Scientist of the Day - John Bartram
John Bartram, a colonial American botanist, was born Mar. 23, 1699, in Pennsylvania. Bartram is commonly referred to as the first native-born American botanist, and this country's first horticulturalist as well. Linnaeus considered him the finest natural botanist in the world, whatever that means. HIs parents were Quakers from Derbyshire in England; they emigrated to Pennsylvania, after William Penn offered land to all comers, and set up a farm at what should have been called New Derby, but was instead named Darby, just a few miles west of Philadelphia. Young John had no formal higher education, although the Quakers were pretty good at establishing local schools, and he taught himself most of what he knew about plants, which was a lot. He established his own garden in 1728 at Kingsessing, on the Schuylkill River, where he spent the rest of his life raising plants that he had brought back from forays into countrysides near and far.
In 1733, Bartram swam into the ken of John Collinson, a Quaker merchant in London and an avid gardener himself. Collinson had been trying for years to find an American source for seeds and cuttings, without any luck, until someone at the Library Company of Philadelphia recommended Bartram. Collinson ordered some seeds, Bartram fulfilled the order promptly, and thus began 25 years of uninterrupted trans-Atlantic botanical exchange, with Collinson paying 5 guineas each for boxes of seeds and dried plants that Bartram would pack up himself and convey to trusted ship’s captains. Eventually, Collinson became the middleman for half-a-dozen English gardeners, buying specimens from Bartram and farming them out to his friends. It was a valuable arrangement for both men; it provided Bartram with a livelihood, and it made Collinson's garden, and such beneficiaries as the Chelsea Physic Garden, horticultural hotspots, with their displays of rhododendrons and Venus flytraps, provided by Bartram.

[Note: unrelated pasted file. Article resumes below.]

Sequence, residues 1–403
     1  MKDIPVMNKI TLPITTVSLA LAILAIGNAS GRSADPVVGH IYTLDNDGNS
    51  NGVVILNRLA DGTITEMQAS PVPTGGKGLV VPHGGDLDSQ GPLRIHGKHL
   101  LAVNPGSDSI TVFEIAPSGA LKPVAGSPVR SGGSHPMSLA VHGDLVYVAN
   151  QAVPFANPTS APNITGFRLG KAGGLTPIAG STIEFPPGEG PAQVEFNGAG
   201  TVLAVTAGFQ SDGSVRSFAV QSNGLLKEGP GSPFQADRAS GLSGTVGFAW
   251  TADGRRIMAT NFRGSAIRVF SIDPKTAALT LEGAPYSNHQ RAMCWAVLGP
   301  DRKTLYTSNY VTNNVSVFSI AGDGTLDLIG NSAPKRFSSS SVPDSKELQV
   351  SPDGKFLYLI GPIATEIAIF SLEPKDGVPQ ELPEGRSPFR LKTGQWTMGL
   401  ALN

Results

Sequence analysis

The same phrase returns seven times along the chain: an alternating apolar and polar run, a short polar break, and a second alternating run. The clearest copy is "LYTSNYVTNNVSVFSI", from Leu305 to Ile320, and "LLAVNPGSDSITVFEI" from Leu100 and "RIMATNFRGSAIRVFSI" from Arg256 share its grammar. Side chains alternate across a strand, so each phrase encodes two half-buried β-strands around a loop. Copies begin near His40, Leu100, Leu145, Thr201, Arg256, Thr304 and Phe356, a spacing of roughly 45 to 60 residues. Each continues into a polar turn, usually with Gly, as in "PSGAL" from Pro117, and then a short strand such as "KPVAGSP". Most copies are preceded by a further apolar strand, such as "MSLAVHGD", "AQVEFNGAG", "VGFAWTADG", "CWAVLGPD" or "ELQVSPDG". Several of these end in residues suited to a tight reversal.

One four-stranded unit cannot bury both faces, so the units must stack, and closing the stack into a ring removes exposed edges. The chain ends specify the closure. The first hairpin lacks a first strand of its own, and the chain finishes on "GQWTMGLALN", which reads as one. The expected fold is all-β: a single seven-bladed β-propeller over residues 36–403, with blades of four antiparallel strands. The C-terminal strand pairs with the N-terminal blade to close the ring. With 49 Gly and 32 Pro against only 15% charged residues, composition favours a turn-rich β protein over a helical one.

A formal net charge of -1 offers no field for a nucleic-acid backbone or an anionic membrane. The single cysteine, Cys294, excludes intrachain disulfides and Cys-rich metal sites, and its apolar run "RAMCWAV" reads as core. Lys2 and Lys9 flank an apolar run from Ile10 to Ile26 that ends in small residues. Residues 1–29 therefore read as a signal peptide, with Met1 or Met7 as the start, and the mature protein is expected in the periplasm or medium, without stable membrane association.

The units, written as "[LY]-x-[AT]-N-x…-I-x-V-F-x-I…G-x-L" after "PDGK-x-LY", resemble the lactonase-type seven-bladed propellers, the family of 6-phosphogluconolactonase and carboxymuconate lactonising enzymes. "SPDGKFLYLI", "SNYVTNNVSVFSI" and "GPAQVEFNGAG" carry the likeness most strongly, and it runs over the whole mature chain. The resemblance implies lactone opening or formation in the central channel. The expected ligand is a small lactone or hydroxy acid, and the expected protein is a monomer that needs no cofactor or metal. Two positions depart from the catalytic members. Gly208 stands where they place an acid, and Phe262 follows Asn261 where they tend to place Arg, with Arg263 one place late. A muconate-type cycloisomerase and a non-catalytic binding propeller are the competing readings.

Bartram at first looked for new plants on local explorations, but he eventually cast a wider net, travelling through upstate New York, and then to the colonial southeast. It was while on a trip to Georgia in 1765 that he found a stand of flowering trees new to him; the tree was eventually named Franklinia alatamaha, after his good friend Benjamin Franklin, and Bartram brought back seeds from Georgia which he successfully sowed at Kingsessing. Franklinia turned out to be Bartram's greatest, or at least his most famous, discovery, as the tree disappeared from the wild, so that all modern specimens of Franklinia are descended from stock raised by Bartram in his garden. A Franklin tree was drawn by Bartram's son, William, and sent to John Fothergill, William’s Quaker patron in London; we showed that drawing in our post on Fothergill not long ago. A specimen that ended up in Josephine's garden at Malmaison in France was drawn by Pierre-Joseph Redouté and published in Étienne-Pierre Ventenat's Jardin de la Malmaison (1803-04), under the name Gordonia pubescens (fourth image). I had looked at this plate many times but was unaware until researching this essay that it actually depicts Franklinia alatamaha. We once had a Franklin tree on the grounds of our library, but it was not partial to our winters and moved on to tree heaven. We should try again – these days it might have better luck.
Bartram kept a Diary of a Journey through the Carolinas, Georgia and Florida, about his journey to the southeast in 1765-66; it was eventually published in 1942, and frequently reprinted, although for some reason it is lacking from our collectons. Bartram was also an assiduous correspondent, especially to Collinson, and those letters have been edited and published, and we do have those in our collections, along with a large number of contemporary studies and biographies. Bartram is a very popular colonial American figure nowadays.
Bartram’s house and garden have been preserved and restored and are open to the public as Bartram’s Garden, in southwest Philadelphia; it is also a National Historic Landmark (first image). Every August, when Franklinia blooms, there is usually a special tour, with images posted on their website; here is an example from a few years back.
There is no surviving contemporary portrait of John Bartram. The one that everyone uses (including us) is a drawing made by the noted 19th-century illustrator Howard Pyle, and published in Harper’s New Monthly Magazine, Feb. 1880. We show you a print from the Smithsonian Institution Libraries (second image). There is a contemporary map of Bartram’s garden, drawn by his son William in 1758 (third image). It is in the archives of Bartram’s Garden.
William B. Ashworth, Jr., Consultant for the History of Science, Linda Hall Library and Associate Professor emeritus, Department of History, University of Missouri-Kansas City. Comments or corrections are welcome; please direct to firstname.lastname@example.org.